9 instant takeaways from the GOP tax proposal
Changes to the tax proposal released by House Republicans are assuredly likely, especially since a plan that may be quite different is expected from the Senate in the coming days. Those two versions would have to be reconciled and approved before legislation could be sent to President Trump for his signature. But for now, what big takeaways should advisors and clients focus on?
- The top tax rate stayed the same at 39.6%, but it only applies to income over $1 million for a married couple, more than twice the level that applies now. That means those at the top level would have more than $500,000 of income taxed at 35% rather than 39.6%, a savings of about $25,000.
- Higher-income taxpayers would get the benefit of the new lower tax rates on lower tiers of income. For example, income now taxed at the 28% and 33% tax rates would be taxed at 25%. There does appear to be a clawback in place that would prevent high-income taxpayers from benefiting from the 12% bracket, however.
- The new lowest rate of 12% would replace the current 10%, so that would appear to be an increase on those at the lowest income levels. The larger standard deduction and expanded child credits should address that potential increase.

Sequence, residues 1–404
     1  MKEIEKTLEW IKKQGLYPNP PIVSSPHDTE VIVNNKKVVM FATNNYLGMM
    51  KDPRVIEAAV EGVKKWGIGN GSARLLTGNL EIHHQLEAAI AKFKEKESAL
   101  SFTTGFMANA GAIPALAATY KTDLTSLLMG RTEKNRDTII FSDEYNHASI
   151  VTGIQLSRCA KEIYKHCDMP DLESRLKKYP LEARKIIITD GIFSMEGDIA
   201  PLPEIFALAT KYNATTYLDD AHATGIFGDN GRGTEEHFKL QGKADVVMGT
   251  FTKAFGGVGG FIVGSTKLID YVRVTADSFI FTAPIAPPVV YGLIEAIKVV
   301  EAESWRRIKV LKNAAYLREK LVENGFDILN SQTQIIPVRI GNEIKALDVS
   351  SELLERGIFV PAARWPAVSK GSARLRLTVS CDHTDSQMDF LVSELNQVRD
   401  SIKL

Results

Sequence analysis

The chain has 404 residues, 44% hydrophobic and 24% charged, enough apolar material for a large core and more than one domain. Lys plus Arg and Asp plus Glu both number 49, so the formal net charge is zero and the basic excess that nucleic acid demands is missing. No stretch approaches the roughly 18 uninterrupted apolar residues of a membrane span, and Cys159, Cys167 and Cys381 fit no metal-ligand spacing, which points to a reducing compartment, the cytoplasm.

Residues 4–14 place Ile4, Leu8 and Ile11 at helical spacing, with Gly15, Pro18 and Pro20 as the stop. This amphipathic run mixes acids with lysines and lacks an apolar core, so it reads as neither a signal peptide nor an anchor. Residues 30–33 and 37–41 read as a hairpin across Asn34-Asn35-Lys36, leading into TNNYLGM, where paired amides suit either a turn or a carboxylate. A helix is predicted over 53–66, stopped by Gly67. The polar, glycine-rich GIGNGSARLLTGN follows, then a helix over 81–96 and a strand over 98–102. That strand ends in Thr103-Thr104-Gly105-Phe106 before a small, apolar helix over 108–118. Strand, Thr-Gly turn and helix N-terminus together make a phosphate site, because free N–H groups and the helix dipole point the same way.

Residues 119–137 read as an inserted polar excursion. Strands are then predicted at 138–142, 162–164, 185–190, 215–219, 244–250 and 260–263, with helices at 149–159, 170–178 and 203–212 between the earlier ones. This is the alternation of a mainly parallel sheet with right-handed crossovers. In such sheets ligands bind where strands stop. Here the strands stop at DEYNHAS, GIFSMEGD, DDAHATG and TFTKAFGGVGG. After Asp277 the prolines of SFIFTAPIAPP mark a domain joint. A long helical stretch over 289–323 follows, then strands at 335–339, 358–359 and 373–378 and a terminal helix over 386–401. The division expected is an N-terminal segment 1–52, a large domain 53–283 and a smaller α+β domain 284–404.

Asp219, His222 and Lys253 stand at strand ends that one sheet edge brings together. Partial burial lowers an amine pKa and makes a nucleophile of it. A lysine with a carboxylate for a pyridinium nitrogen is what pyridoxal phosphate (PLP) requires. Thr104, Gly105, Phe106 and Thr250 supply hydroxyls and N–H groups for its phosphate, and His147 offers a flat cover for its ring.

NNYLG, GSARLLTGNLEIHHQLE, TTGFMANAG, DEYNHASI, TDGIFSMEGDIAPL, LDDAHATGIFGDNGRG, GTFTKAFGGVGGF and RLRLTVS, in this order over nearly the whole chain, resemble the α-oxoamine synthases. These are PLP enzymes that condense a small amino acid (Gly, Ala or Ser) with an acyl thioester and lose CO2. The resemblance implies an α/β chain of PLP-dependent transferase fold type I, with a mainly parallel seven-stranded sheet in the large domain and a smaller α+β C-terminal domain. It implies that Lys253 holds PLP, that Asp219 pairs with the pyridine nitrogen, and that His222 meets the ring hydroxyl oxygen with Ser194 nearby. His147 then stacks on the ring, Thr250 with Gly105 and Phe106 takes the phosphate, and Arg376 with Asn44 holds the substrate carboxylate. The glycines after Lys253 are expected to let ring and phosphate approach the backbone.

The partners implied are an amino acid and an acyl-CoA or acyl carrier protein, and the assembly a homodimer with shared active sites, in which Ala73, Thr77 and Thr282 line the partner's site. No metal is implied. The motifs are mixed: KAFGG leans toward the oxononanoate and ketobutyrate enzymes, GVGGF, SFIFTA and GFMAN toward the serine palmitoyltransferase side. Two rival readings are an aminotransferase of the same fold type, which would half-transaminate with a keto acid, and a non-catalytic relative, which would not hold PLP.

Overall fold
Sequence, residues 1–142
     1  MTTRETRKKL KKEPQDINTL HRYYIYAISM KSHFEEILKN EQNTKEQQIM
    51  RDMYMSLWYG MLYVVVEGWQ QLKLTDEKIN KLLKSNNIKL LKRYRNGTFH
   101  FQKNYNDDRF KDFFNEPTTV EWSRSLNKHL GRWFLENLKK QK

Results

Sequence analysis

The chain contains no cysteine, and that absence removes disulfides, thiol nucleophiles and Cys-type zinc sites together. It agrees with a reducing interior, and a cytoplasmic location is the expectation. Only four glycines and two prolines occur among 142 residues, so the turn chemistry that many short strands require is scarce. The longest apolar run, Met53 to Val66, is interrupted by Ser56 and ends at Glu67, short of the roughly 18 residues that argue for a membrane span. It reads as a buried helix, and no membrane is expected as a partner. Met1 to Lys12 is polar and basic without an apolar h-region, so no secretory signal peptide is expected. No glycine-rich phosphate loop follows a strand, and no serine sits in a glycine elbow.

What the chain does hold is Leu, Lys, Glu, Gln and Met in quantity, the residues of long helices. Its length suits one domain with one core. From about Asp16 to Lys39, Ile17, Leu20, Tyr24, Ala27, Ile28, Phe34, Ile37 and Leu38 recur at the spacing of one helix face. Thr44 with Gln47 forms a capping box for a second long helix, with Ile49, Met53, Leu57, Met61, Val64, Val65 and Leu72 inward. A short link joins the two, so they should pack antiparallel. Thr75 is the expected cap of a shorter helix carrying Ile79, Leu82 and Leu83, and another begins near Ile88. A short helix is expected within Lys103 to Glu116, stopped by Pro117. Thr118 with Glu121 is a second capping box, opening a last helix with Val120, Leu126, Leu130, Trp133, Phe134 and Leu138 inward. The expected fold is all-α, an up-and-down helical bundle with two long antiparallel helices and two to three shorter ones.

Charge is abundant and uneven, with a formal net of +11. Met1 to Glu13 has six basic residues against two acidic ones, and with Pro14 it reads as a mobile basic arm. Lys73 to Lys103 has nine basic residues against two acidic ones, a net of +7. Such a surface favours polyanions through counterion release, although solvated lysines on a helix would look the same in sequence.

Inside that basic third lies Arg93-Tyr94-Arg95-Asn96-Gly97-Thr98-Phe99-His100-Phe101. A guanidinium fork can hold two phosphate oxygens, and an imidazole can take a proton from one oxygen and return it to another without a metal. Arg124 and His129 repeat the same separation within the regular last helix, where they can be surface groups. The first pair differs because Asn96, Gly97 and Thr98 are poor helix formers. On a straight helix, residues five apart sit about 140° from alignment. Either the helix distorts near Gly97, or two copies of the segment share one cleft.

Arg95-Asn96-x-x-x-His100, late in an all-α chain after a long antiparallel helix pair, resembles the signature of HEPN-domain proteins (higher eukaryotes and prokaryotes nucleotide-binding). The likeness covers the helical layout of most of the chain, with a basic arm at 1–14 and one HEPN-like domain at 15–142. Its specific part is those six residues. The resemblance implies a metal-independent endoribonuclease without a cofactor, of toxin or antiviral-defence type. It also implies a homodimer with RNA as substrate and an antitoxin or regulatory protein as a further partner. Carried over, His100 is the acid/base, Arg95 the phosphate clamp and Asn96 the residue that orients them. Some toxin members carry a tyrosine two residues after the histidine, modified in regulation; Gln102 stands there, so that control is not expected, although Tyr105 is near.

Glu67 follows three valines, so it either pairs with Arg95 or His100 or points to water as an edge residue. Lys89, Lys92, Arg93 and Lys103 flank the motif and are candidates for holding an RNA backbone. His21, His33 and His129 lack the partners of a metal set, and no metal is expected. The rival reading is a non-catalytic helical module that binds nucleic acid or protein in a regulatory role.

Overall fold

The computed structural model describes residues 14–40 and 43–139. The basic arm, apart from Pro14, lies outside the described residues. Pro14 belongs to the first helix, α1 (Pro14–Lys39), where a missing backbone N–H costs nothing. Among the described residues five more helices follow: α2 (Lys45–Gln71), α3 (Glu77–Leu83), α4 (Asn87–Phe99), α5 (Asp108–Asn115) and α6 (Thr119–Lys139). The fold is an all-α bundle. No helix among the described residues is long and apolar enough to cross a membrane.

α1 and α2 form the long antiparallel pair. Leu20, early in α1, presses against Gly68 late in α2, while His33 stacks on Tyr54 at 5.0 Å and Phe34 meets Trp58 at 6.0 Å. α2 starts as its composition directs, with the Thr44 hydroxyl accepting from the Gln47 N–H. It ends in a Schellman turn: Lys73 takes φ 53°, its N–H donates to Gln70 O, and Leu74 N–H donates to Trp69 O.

- A $300 per taxpayer personal tax credit is scheduled to expire after five years, but it will be hard to take away once it's out there.
- The estate tax exemption would double, with a plan to repeal the tax after six years; however, this is likely to be lost during the final negotiations. Estate taxes are viewed as a tax only on the rich, not exactly a sympathetic group. It's hard to see that one lasting.
- After a lot of mixed signals, retirement plan savings provisions appear to be unchanged. That would be a positive for savers although, with lower marginal tax rates for most taxpayers, the current tax benefit of those savings would be reduced – thus making Roth-style plans marginally more attractive.
- The planned repeal of AMT would go a long way toward simplification. But like the estate tax repeal, AMT is viewed as a tax on the highest-income earners, so it will be hard to see it surviving to the final bill.
- The deduction for property taxes would be capped at $10,000, but the state income tax deduction would go away. This element is one that will be strongly debated, and I expect this to change.
- There are good incentives for businesses: the lower corporate tax rate and a new, immediate deduction for the cost of new equipment. Also, the deduction for interest remains in place. The application of the new corporate rate would be complicated, though. The new rate would be 25%, but only on income not attributed to labor. The default assumption is 70% of the income would be exempt from the lower rate. For service firms, like lawyers, accountants and many financial advisors, the assumption would be 100%. They may be able to fight that, but it appears by default those business wouldn't benefit from the lower rate.